Dietary phosphate restriction normalizes biochemical and skeletal abnormalities in a murine model of tumoral calcinosis

Shoji Ichikawa, Anthony M. Austin, Amie K. Gray, Matthew Allen, Michael Econs

Research output: Contribution to journalArticle

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Abstract

Mutations in the GALNT3 gene cause tumoral calcinosis characterized by ectopic calcifications due to persistent hyperphosphatemia. We recently developed Galnt3 knockout mice in a mixed background, which had hyperphosphatemia with increased bone mineral density (BMD) and infertility in males. To test the effect of dietary phosphate intake on their phenotype, Galnt3 knockout mice were generated in the C57BL/6J strain and fed various phosphate diets: 0.1% (low), 0.3% (low normal), 0.6% (normal), and 1.65% (high). Sera were analyzed for calcium, phosphorus, alkaline phosphatase, creatinine, blood urine nitrogen, 1,25-dihydroxyvitamin D, osteocalcin, tartrateresistant acid phosphatase 5b, and fibroblast growth factor 23 (Fgf23). Femurs were evaluated by dual-energy x-ray absorptiometry, dynamic histomorphometry, and/or microcomputed tomography. Galnt3 knockout mice in C57BL/6J had the same biochemical phenotype observed in our previous study: hyperphosphatemia, inappropriately normal 1,25-dihydroxyvitamin D level, decreased alkaline phosphatase activity, and low intact Fgf23 concentration but high Fgf23 fragments. Skeletal analyses of their femurs revealed significantly high BMD with increased cortical bone area and trabecular bone volume. On all four phosphate diets, Galnt3 knockout mice had consistently higher phosphorus levels and lower alkaline phosphatase and intact Fgf23 concentrations than littermate controls. The low-phosphate diet normalized serum phosphorus, alkaline phosphatase, and areal BMD but failed to correct male infertility in Galnt3 knockout mice. The high-phosphate diet did not increase serum phosphorus concentration in either mutant or control mice due to a compensatory increase in circulating intact Fgf23 levels. In conclusion, dietary phosphate restriction normalizes biochemical and skeletal phenotypes of Galnt3 knockout mice and, thus, can be an effective therapy for tumoral calcinosis.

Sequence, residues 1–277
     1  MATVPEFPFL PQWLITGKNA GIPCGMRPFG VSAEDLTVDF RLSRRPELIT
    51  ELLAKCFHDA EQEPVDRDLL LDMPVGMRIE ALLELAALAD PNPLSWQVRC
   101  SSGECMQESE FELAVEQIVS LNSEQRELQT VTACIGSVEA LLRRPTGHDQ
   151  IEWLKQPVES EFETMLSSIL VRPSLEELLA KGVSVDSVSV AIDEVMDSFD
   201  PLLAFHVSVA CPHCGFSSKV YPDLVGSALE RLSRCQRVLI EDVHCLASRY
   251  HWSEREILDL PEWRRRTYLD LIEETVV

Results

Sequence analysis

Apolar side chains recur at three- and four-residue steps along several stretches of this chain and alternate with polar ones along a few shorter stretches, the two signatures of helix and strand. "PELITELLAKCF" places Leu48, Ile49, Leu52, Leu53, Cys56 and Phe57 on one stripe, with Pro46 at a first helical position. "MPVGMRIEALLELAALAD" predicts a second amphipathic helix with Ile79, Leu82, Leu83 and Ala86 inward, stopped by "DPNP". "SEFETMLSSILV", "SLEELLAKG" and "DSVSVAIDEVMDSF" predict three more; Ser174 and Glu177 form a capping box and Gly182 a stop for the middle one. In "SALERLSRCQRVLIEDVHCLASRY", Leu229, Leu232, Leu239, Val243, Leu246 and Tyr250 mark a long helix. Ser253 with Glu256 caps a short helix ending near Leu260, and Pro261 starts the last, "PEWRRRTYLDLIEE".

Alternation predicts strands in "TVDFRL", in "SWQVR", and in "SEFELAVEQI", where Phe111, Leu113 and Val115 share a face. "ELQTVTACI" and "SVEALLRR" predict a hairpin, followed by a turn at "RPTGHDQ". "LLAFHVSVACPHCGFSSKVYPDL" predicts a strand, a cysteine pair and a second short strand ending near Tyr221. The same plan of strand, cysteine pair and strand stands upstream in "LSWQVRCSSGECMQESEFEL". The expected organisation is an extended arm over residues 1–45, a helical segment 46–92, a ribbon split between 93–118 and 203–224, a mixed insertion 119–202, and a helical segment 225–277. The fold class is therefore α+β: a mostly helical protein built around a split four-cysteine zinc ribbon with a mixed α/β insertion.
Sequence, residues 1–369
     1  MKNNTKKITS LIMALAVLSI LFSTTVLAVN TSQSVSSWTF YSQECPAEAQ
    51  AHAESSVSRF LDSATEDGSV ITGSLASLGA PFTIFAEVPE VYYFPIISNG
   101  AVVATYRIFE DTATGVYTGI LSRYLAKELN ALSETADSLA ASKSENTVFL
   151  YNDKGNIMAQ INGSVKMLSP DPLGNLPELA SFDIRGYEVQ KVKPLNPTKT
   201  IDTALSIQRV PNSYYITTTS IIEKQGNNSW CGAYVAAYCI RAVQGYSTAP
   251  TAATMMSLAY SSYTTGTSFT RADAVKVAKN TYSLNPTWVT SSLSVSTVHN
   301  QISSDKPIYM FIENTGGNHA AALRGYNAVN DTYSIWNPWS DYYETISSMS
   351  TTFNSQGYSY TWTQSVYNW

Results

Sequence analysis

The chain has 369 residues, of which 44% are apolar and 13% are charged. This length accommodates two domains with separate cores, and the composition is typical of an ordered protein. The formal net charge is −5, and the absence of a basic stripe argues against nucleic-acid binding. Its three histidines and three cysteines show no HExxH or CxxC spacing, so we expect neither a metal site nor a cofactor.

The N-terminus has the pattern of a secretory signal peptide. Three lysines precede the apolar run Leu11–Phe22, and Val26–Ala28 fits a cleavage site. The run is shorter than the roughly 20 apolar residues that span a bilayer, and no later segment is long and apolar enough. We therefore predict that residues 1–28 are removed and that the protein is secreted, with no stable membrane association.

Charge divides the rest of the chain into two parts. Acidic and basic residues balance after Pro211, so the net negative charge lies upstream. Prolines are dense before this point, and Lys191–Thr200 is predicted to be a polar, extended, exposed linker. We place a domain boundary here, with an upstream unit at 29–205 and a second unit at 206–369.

Original languageEnglish
Pages (from-to)4504-4513
Number of pages10
JournalEndocrinology
Volume152
Issue number12
DOIs
StatePublished - Dec 2011

Fingerprint

Calcinosis
Knockout Mice
Phosphates
Hyperphosphatemia
Phosphorus
Alkaline Phosphatase
Bone Density
Diet
Male Infertility
Phenotype
Femur
Serum
X-Ray Microtomography
Osteocalcin
Acid Phosphatase
Creatinine
Nitrogen
X-Rays
fibroblast growth factor 23
Urine

ASJC Scopus subject areas

  • Endocrinology

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Dietary phosphate restriction normalizes biochemical and skeletal abnormalities in a murine model of tumoral calcinosis. / Ichikawa, Shoji; Austin, Anthony M.; Gray, Amie K.; Allen, Matthew; Econs, Michael.

In: Endocrinology, Vol. 152, No. 12, 12.2011, p. 4504-4513.

Research output: Contribution to journalArticle

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